Austria is one of the leading countries in the European Union in the use of renewable energies, ranking fifth with a 36 % share of final energy consumption in the year 2021. Is Austria – like most other EU countries – focusing almost exclusively on renewable electricity generation for decarbonising the national economy or is it also taking into account renewable heat? Roger Hackstock, Managing Director of the Austria Solar association, is critical. “The government has proclaimed a 100 % green electricity target by 2030, which is being worked on rapidly, but there is no such target for heat yet”, he said.
Source: Banner from website https://www.umweltfoerderung.at/
However, as Hackstock acknowledges, the government has allocated EUR 940 million for a “Get out of oil and gas” funding campaign (Rauss aus Öl und Gas – see the banner above) and a building renovation offensive in 2023/2024. While the refurbishment offensive is advancing only slowly, heating system replacement is booming. A total of 46,000 fossil-fuel boilers were replaced last year, twice as many as in 2021. “This is mainly due to the Ukraine war, which has made oil and gas expensive and uncertain”, explained Hackstock. But with 60 % of the heat supply in Austria still being fossil, “Austria is far from 100 % renewable heat”.
27 feasibility studies with an investment volume of EUR 470 million taking place
According to an internal sales survey among the members of Austria Solar, covering about 80 % of the market players, sales of solar thermal collectors in 2022 were 25 % lower than in the previous year. Hackstock therefore sees the Austrian solar thermal market in a state of upheaval: “The market share of small systems in single-family and multi-family homes, which have always dominated, is declining, while large systems for district heating and process heat are catching up. Whereas 93 % of solar thermal systems sold in 2019 were still those for single-family and multi-family homes, in 2021 this was only 79 % according to official market statistics.”
For the years 2023 and 2024 the Austria Solar boss expects strong growth especially for large-scale solar systems thanks to numerous submissions for the Climate and Energy Fund’s support programme. “The great potential of solar heating is shown by the 27 feasibility studies currently underway involving almost 1 million m2 of solar collector area to supply heat to industrial companies and energy suppliers. If all these plants were to be realised in the next few years, this would correspond to an investment volume of EUR 470 million.”
400,000 m2 of collector area to be installed in Graz
The largest project for which the Climate and Energy Fund supported the feasibility study is a EUR 267 million project. In Weitendorf, around 20 km south of Graz, 400,000 m2 of collector area combined with a biomass plant and a gigantic heat storage in a former basalt mine are expected to generate a quarter of the heat required by the Graz district heating network from 2026. The project was featured in a large article in the national newspaper Kleine Zeitung at the beginning of March, stating that the solar heat reservoir is to contain up to 1.9 million m3 of hot water, making it one of Europe’s largest of its kind. This article appeared exactly seven years after the same newspaper reported in April 2016 that the city would receive a Big Solar Graz investment of EUR 200 million. (see news)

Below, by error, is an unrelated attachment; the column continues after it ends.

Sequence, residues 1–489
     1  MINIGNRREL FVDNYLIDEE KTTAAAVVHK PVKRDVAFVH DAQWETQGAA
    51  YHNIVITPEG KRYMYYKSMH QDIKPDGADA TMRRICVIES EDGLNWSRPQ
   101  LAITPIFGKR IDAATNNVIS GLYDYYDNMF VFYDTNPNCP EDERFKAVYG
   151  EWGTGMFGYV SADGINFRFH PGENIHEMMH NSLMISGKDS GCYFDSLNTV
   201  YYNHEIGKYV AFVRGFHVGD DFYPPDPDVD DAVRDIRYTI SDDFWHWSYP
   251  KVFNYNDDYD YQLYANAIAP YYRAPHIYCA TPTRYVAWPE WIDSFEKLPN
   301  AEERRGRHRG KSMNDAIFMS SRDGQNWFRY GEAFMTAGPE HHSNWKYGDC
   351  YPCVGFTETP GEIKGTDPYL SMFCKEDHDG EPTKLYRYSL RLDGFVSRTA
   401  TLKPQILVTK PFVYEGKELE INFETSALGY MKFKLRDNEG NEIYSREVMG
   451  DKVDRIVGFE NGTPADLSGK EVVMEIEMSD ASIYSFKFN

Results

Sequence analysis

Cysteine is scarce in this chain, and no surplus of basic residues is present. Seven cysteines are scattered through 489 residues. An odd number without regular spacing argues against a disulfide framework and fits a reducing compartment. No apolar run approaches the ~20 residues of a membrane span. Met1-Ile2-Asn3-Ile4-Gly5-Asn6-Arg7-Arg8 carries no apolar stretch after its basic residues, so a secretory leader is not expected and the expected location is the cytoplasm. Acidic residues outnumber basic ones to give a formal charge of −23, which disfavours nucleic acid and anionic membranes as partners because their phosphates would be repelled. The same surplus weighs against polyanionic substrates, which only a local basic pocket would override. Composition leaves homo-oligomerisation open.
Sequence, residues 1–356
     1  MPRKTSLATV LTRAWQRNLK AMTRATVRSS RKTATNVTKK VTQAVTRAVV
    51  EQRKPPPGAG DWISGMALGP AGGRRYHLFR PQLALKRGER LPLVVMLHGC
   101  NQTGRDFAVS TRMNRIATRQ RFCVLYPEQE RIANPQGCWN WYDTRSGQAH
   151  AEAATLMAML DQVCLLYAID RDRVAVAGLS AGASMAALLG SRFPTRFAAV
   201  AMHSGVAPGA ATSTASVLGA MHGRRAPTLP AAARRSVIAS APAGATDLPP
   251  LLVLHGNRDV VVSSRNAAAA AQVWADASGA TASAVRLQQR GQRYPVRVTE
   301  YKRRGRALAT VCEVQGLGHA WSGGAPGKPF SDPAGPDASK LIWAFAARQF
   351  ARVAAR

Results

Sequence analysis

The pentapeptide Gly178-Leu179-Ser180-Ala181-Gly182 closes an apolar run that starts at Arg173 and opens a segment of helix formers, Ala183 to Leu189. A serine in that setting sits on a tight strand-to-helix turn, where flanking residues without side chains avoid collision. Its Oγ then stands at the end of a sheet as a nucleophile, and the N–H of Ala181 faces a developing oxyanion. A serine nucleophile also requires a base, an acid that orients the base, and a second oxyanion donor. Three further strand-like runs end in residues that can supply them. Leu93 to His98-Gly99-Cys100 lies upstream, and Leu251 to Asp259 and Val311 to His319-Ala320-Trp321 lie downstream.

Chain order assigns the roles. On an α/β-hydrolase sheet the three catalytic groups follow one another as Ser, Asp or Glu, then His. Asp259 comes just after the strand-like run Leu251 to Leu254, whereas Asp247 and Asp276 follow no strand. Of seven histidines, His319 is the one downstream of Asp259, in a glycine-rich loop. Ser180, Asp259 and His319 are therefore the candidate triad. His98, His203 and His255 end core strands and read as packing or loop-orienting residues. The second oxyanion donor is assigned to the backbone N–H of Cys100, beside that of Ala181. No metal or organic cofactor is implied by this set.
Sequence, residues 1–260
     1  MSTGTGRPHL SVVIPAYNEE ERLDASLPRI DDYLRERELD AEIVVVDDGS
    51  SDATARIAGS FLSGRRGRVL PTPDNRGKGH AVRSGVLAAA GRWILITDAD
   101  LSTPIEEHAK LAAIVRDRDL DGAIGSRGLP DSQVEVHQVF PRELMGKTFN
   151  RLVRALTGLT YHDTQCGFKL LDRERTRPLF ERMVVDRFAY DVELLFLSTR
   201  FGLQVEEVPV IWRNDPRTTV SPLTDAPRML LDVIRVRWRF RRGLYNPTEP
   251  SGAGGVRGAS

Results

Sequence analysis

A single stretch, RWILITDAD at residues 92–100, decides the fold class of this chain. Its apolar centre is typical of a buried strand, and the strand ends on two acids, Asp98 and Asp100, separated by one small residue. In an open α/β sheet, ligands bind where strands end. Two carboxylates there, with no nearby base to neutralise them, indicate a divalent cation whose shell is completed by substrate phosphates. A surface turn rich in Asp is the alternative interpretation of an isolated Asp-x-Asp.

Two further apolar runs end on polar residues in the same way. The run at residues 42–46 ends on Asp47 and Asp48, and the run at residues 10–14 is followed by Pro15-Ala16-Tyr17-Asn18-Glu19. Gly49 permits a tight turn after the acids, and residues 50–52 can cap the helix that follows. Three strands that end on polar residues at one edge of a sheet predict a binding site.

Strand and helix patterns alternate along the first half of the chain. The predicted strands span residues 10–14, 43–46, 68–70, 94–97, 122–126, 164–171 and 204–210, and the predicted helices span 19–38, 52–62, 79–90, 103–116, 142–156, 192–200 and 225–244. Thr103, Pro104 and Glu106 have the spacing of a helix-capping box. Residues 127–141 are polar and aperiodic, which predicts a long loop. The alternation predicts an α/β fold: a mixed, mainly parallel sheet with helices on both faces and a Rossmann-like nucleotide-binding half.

Featured article in the Kleine Zeitung about the huge solar district heating plant to reduce the gas-dependency of the city’s heat demand. Screen shot from this page.
However, Austria’s government is continuing to promote smaller solar thermal systems for private households. As early as April 2022, a solar bonus was included in the “Get out of oil and gas” subsidy programme. A house owner installing a solar thermal system in the course of replacing his heating system can receive EUR 1,500. In addition, the government of Styria has doubled its solar subsidy from 150 to 300 EUR/m2 of solar collector area in 2023. This has led to a fourfold increase in applications for subsidies in the first two months of this year. “Beyond that, however, there are no measures from state governments,” Hackstock reported.
A solar thermal system – “prerequisite for receiving housing subsidies”
In his opinion, the most important thing would be the passing of the overdue Renewable Heat Act (EWG), which would lay down a roadmap for the heating replacement of fossil-fuel boilers. “We demand a solar offensive from politicians in new construction and in housing subsidies. The installation of solar systems should be a prerequisite for receiving housing subsidies. A solar offensive should promote the combination with pellet heating systems or heat pumps, as solar heating systems provide the greatest benefit here. They save emissions and biomass resources urgently needed for the heat transition and reduce the electricity demand of heat pumps, which would benefit the expansion of green electricity”.
“Heat is totally underestimated”
But according to Hackstock, as for the awareness of politicians solar heat is lagging behind photovoltaics in the awareness of the population. “The topic of heating is totally underestimated by everyone, although statistically heat is responsible for half of the energy demand in Europe,” he complains. At least he sees a slow change in thinking among company leaders. “They are realising that there is only one alternative to oil and gas for the heat supply that has no running costs: the sun.”
Organisations mentioned in this news article:
Austria Solar: https://www.solarwaerme.at/solare-fernwaerme
Raus aus Öl und Gas (Get out of oil and gas): https://www.oesterreich.gv.at/themen/bauen_wohnen_und_umwelt/energie_sparen/1/raus_aus_oel.html
Sanierungsoffensive (renovation offensive): https://www.oesterreich.gv.at/themen/bauen_wohnen_und_umwelt/energie_sparen/1/sanierungsoffensive.html